When Microsoft (MSFT) announced that it was acquiring the handset division of Nokia (NOK), it became clear that Mr. Softy was planning to aggressively push its way further into the smartphone arena. According to IDC, Windows Phone accounts for only 3.7% of the market; at number three, Microsoft is well behind the 79.3% commanded by Google (GOOG) Android and the 13.2% commanded by Apple (AAPL) iOS. Now as it becomes clear that BlackBerry (BBRY) is floundering badly and is up for sale, Microsoft should consider putting in a bid of its own to assist in the efforts begun with the Nokia acquisition.
Reasons BlackBerry Would Benefit Microsoft
There are a number of reasons that Microsoft would be able to realize concrete value from a BlackBerry acquisition, including enhancements to the Nokia deal it is already involved with. While none of the following reasons may be sufficient alone, the combination of all of them paint a compelling story:
BlackBerry's Patent Portfolio - While Microsoft is hardly wanting for valuable intellectual property, BlackBerry has an impressive portfolio that would benefit the software maker. In very practical terms, BlackBerry's Messenger is one of the most popular apps on any platform because it seamlessly allows peer-to-peer communications between devices. Rumors had begun to circulate that BBM was to be made available on both Android and iOS before significant issues led to the app being pulled. To put this into some context, prior to the scheduled September 21 rollout on Android, an earlier version was made available - in the first eight hours, BBM had 1.1 million users from the platform.
If Microsoft gained control of BBM, not only would it give Windows Phone new functionality in high demand, it could give the Windows maker the same kind of access inside of both Android and iOS that Google has achieved in iOS with Maps, Chrome, and Google Apps. Even with that much influence, it is estimated that Google pays Microsoft between $500 million and $3.4 billion per year.
Potential New Partners - In addition to hard patents, BlackBerry owns QNX Systems, the OS maker that designed the new BB10. That company currently holds contracts with General Electric (GE) and Cisco (CSCO). Additionally, QNX is fairly well integrated with automakers including, General Motors (GM), Audi and BMW. Microsoft has already forged a strong relationship with Ford (F) with the Sync System, but as the connection between your car and your smartphones gets stronger, and the distinction gets thinner, BlackBerry's experience in this department could prove invaluable. A recent New York Times piece explained: "BlackBerry's chief executive, Thorsten Heins, has suggested that BlackBerry will use QNX's automotive ties and its unique global data network to allow car companies to update vehicle software through wireless networks and to monitor vehicles' mechanical state." Also, remember that Apple recently announced that it would be introducing 'iOS in the Car,' so for Microsoft to stay at the forefront could prove invaluable.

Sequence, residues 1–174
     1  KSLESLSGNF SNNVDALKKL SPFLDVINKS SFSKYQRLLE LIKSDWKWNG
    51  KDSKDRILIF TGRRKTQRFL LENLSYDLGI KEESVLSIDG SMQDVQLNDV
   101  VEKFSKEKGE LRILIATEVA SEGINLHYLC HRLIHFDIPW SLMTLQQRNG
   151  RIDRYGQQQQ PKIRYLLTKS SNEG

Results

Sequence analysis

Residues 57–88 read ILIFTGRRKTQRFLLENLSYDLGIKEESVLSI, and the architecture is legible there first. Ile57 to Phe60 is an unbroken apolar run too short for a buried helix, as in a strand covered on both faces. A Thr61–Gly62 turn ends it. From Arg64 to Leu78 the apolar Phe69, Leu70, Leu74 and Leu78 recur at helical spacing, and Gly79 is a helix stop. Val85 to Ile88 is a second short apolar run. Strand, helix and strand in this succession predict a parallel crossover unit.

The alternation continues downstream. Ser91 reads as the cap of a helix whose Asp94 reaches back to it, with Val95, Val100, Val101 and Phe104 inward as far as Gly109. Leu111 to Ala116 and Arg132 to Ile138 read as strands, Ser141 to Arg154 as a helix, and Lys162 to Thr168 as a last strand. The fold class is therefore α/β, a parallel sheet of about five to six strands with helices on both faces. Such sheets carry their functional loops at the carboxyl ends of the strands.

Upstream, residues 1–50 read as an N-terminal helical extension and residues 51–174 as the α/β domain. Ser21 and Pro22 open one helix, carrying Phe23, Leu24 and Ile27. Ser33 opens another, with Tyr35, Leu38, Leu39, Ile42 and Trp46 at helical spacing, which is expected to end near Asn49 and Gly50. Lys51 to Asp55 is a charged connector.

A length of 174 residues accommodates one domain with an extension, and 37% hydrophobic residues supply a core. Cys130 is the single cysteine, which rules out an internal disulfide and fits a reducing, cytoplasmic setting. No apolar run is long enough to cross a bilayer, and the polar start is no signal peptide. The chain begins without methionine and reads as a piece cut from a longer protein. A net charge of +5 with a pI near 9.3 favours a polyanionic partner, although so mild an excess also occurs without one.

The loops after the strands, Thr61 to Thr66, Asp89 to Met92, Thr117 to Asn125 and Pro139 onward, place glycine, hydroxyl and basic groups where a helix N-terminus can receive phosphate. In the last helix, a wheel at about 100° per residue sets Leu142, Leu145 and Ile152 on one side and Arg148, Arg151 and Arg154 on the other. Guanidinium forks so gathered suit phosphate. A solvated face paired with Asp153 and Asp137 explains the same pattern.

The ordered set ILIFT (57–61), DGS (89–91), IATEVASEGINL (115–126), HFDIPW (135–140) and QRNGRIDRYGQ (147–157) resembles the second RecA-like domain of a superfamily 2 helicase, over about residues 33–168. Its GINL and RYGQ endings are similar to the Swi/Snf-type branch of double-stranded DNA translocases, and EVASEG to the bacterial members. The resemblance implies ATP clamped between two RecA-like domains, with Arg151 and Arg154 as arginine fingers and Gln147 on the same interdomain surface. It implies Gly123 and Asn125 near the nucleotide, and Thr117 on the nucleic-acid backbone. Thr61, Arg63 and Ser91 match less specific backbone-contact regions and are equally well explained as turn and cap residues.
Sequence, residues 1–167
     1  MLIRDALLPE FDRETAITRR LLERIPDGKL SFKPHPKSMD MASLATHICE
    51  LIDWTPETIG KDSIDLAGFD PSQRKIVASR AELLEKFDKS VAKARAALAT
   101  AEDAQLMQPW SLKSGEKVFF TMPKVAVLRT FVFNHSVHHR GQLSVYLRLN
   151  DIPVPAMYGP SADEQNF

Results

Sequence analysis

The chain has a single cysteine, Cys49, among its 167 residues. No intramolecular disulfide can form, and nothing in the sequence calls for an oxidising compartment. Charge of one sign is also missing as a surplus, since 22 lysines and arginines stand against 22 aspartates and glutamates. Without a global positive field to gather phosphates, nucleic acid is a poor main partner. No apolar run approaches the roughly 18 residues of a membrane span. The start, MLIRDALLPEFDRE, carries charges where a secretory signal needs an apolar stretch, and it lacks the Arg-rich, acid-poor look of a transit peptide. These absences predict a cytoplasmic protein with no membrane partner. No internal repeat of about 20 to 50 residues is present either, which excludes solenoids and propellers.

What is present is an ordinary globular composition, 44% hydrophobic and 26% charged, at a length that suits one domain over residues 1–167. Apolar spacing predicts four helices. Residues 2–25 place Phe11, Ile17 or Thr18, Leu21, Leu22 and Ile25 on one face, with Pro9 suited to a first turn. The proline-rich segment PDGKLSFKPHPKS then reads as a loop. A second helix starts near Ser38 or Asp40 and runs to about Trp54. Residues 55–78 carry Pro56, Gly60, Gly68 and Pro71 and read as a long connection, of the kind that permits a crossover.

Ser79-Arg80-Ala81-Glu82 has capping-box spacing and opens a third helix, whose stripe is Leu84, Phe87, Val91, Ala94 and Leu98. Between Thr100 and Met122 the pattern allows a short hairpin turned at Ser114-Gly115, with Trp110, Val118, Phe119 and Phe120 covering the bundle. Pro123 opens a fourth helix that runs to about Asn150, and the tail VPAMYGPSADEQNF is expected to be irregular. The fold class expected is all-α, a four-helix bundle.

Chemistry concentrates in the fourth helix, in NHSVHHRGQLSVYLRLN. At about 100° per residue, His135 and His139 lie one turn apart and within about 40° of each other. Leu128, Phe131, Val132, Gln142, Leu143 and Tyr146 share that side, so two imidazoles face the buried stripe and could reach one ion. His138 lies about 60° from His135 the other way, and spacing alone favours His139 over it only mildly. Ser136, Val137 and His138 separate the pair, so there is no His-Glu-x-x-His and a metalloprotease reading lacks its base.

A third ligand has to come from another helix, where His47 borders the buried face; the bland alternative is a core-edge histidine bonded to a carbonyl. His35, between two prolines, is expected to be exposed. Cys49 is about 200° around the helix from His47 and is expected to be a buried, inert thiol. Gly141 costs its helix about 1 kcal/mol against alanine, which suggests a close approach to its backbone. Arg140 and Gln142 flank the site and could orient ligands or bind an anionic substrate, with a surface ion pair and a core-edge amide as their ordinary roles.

Security in Two Flavors - If there is one thing that BlackBerry is known for, it is the security it offers enterprise customers. Microsoft's critical business relationships would only be bolstered by the inclusion of BlackBerry's security options into Windows Phones. As the PC market continues to shrink, the enterprise relationships that can be maintained are critical - if Microsoft could integrate this level of security into its full family of products, that would be a big win. The other flavor of security that a BlackBerry acquisition would offer Microsoft is in terms of market share. The same IDC report places BlackBerry at 2.9%. Adding this to the family would nearly double Mr. Softy's market share, bringing it to 6.6% - still not huge, but nearly half of Apple's share.
Microsoft is making an important push in the smartphone arena with the $7.2 billion it is spending on the Nokia deal. For significantly less, the cash-rich software maker could add the BlackBerry complement of strengths and press even harder into a critical arena. Additionally, BlackBerry personnel are deeply experienced at hardware and software when it comes to smartphones. Key people at BlackBerry could aid Microsoft in the Nokia transition, helping it to take advantage of what all three have already figured out.
With a dividend yield of 3.3% and a P/E of just above 13, Microsoft shares continue to look attractive at current levels, particularly if you buy into, as I do, the company's current efforts to reinvigorate itself. The diverse nature of its products and services make Microsoft a must-own name in any tech portfolio, so additional positive catalysts are a bonus.